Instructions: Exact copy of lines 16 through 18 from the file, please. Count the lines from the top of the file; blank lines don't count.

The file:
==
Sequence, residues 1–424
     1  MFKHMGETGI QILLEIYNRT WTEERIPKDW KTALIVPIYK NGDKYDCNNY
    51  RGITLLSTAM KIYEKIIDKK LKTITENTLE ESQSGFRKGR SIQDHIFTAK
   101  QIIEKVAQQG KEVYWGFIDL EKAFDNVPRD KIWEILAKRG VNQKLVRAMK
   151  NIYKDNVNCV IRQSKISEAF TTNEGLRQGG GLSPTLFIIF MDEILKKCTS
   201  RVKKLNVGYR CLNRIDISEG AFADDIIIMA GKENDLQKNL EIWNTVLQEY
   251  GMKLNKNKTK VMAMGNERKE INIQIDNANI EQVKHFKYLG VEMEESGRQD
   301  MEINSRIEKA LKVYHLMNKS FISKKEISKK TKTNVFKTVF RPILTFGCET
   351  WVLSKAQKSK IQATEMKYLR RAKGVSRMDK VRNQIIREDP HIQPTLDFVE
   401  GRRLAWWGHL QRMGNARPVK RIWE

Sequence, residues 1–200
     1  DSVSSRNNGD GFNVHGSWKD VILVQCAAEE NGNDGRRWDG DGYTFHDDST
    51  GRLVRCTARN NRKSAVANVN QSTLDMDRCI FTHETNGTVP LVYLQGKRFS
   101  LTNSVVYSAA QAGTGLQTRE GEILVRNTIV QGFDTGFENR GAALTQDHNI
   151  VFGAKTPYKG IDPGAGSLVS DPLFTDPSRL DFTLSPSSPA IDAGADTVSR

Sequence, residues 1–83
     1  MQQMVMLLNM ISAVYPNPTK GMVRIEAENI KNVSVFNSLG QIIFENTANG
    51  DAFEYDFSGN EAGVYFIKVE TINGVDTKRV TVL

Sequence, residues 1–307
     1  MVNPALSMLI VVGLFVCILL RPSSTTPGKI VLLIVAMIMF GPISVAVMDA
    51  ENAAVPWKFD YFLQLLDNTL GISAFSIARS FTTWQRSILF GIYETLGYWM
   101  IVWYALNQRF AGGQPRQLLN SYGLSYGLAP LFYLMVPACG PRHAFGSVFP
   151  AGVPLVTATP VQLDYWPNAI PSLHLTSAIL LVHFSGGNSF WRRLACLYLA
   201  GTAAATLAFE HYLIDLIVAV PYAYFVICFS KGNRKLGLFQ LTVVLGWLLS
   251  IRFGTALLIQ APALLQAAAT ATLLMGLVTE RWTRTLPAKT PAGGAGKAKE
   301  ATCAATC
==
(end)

Sequence, residues 1–83
     1  MQQMVMLLNM ISAVYPNPTK GMVRIEAENI KNVSVFNSLG QIIFENTANG
    51  DAFEYDFSGN EAGVYFIKVE TINGVDTKRV TVL